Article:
in others - UDP. Because of this possibility, giving preference to one
of them will slow down the time it takes to connect.
NAT Traversal Methods:
UDP hole punching:
NAT allows a host to send UDP packets to some public UDP service. (Figure 1)
When the host sends a UDP packet, NAT allocates a public port (port1 on address ip1) for that packet and sends the request as if it has been sent from ip1:port1.
When that service sends a response back to the ip1:port1, NAT knows it is actually Server that awaits the response and forwards the response to it.
So, when sending a UDP request from within NAT to the public, NAT punches a hole. This method is used in hole punching to establish a reliable connection over UDP between two peers, each behind its own NAT.
UDP hole punching does not guarantee success in 100% of cases. Success is dependent upon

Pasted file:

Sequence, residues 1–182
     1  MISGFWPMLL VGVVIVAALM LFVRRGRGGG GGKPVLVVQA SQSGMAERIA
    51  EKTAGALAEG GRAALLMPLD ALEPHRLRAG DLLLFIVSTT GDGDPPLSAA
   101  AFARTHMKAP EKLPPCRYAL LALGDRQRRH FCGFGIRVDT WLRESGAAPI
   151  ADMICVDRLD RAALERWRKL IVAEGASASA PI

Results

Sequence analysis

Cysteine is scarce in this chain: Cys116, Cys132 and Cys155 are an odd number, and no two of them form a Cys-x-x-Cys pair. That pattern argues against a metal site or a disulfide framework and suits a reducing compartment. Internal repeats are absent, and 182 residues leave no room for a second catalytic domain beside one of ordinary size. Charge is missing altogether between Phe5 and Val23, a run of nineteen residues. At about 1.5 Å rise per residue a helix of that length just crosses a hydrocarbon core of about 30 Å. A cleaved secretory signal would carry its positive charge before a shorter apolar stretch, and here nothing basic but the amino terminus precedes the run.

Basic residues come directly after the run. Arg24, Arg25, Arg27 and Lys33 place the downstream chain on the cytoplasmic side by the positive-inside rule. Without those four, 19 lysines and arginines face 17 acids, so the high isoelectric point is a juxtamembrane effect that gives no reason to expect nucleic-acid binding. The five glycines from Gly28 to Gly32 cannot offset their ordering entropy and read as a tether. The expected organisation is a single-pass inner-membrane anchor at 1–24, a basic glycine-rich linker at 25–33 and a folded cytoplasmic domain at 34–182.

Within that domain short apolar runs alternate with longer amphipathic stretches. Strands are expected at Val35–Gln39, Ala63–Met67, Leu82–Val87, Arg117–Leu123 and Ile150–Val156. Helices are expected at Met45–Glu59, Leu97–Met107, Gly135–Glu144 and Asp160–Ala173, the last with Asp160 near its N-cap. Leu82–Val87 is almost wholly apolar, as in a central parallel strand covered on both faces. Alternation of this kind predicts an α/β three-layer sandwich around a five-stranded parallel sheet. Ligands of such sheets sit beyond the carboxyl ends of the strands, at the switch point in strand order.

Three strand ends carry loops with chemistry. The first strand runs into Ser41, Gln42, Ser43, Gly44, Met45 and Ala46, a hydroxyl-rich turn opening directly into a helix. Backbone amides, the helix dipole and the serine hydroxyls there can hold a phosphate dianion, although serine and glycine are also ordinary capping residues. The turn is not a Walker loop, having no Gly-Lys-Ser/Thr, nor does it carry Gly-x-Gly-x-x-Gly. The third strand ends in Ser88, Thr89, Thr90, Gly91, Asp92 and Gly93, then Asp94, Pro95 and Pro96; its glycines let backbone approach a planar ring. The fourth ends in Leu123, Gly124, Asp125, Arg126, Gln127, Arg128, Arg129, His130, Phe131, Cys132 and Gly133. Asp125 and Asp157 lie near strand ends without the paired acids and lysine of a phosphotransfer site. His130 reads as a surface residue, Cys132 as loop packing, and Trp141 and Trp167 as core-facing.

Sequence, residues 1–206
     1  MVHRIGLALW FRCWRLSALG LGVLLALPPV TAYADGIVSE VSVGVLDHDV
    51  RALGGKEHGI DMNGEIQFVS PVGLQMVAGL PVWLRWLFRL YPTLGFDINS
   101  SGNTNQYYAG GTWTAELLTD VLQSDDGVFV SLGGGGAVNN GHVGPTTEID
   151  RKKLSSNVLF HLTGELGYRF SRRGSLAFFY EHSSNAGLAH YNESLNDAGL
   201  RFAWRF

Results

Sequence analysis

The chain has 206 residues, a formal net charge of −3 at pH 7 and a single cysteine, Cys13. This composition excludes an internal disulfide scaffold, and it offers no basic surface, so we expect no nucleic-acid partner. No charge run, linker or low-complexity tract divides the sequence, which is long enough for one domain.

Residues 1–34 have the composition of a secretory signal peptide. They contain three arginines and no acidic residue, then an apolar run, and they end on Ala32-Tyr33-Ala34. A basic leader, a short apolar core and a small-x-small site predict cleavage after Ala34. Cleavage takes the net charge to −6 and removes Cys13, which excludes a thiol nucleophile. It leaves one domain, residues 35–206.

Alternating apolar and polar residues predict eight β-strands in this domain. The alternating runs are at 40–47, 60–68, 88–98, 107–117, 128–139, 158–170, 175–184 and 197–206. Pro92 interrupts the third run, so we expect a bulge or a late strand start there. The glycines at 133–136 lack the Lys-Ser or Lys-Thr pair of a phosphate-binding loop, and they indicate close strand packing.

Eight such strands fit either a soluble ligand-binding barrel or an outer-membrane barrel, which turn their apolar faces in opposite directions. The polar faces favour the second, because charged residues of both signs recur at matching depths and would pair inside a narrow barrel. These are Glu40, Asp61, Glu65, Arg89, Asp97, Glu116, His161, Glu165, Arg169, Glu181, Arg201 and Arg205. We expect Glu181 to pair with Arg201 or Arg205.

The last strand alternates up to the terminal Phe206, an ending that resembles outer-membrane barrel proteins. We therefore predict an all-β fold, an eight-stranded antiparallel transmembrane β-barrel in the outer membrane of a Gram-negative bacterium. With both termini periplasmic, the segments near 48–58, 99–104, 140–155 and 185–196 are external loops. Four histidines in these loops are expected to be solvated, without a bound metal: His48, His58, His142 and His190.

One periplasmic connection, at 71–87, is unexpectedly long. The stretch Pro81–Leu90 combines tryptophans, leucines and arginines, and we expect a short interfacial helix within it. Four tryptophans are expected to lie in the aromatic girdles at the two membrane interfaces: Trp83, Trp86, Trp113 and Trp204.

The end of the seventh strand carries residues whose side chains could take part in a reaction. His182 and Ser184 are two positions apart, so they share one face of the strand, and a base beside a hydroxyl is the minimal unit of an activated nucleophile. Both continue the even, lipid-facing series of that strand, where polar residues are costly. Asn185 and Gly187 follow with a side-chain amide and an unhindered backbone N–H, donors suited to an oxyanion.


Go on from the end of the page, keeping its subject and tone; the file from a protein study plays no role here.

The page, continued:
client and media server NAT types.
All NAT types except for symmetric NAT allow for UDP hole punching. Although a
firewall/antivirus can still block UDP traffic (like any other traffic, actually).
In its initial state right after it starts, the server connects to the mediator. The mediator identifies itself by providing its GUID and waits for connection requests. The server maintains a persistent TCP connection to the mediator. (Figure 2)
The client sends a connect request to the mediator via UDP, providing the GUID of a System/specific server it wants to connect to. (Figure 3)
The mediator identifies the server by its GUID and sends a connection_requested message to the server via the pre-established TCP connection (this message contains the client's UDP address). (Figure 4)
Note: The client can specify the GUID of the whole System, not just a specific server.
In this case, the mediator will select any online server of that System.
The server opens a hole on its side and simultaneously:
- sends a connection_ack request to the mediator using UDP, and